Jason Hanson, WSU
Program and FBS record: 20 field goals from 50-plus yards
No other Cougars kicker has come anywhere close to beating Hanson in this category. His 20 made field goals of at least 50 yards from 1988-91 is 15 more than anyone else to kick for the Cougars (Rian Lindell is second with five), and Hanson’s total also represents an FBS record. Hanson also holds the FBS record for made (and attempted) field goals from 40-plus yards, having made 39 of 66 attempts from such distances. His career long of 62 (against UNLV in 1991) is still a program best, though Andrew Furney came close with a 60-yarder against Eastern Washington in 2012.
Rueben Mayes, WSU
Program single-game record: 357 rushing yards
Set in a 50-41 victory over Oregon in 1984, Mayes’ single-game team record of 357 rushing yards was at the time also the Division I record as well. Twelve FBS running backs have since surpassed his mark, but Mayes’ total still stands as the best in WSU history, and it’s not all that close. Bernard Jackson remains second with the 261 yards he had against Oregon in 1971. Jerome Harrison has the next three best totals of 260, 247 and 240 set during the 2004 and 2005 seasons. Mayes went on to play parts of six seasons in the NFL for the Saints and Seahawks.
Willis Smith, Idaho
Program career record: 8.73 career yards per carry
From 1929 to 1932, Willis Smith averaged 8.73 yards per carry, more than two yards more than any other Vandals running back with at least 80 career carries. Smith went far beyond that minimum, too, rushing 347 times for 3,029 career yards, which ranks third-most in program history.
Tom Hennessey, Idaho
Program single-season record: 180 tackles
As a senior in 1986, Hennessey broke what was then Sam Merriman’s single-season tackle record by 35 tackles in just one more game. Hennessey, a linebacker, averaged 15 tackles a game that season. In the years since, two other Vandals have surpassed Merriman’s mark of 145 tackles, but David Vobora (148 in 2007) and Jason Shelt (148 in 1993) were still far from Hennessey’s record. Tre Walker made a run at it in 2019, when he had 138 tackles, tied for sixth-most in team history.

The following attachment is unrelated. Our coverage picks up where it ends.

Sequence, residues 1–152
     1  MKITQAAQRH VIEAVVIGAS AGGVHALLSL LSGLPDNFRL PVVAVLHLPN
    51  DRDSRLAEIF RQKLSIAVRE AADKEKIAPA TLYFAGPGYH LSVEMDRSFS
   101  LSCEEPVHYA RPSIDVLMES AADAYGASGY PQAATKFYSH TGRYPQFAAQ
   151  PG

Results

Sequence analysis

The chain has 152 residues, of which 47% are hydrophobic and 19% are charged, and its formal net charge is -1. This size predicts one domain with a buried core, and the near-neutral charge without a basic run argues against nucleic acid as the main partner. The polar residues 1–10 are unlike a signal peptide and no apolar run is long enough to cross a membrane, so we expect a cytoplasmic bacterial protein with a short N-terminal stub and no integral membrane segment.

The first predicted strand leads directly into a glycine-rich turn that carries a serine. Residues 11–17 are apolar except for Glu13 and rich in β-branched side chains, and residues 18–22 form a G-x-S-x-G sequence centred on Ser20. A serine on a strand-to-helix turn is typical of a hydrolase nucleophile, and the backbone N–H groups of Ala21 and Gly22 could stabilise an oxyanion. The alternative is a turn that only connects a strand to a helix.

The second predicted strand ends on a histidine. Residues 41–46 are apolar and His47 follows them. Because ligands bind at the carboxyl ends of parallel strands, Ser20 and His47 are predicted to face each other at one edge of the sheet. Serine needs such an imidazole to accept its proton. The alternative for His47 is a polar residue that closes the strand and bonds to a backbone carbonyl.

John Friesz, Idaho
Program career record: 305.6 passing yards per game
Friesz, who also set an Idaho record by throwing for at least 300 yards in 14 consecutive games, set this record during a memorable four-year career from 1986 to 1989. Doug Nussmeier, his successor and Idaho quarterback from 1990 to 1993, is second on the list with 277.5 yards per game. At the FCS level, Friesz’s average ranks 13th all-time, but of the 12 names above him, only five played more than the 35 games Friesz did.
Jeff Robinson, Idaho
Program career record: 57.5 quarterback sacks
The NCAA didn’t start officially collecting sack statistics until 2000, so Robinson’s total, which he racked up from 1989 to 1992, does not rank among the NCAA record books. But it is certainly the most in Vandals history – 18 more than the 39.5 Ryan Phillips had from 1993 to 1996. Robinson set a single-season Idaho record with 20 sacks in 1991. A graduate of Ferris High, Robinson was twice named Big Sky Defensive Player of the Year.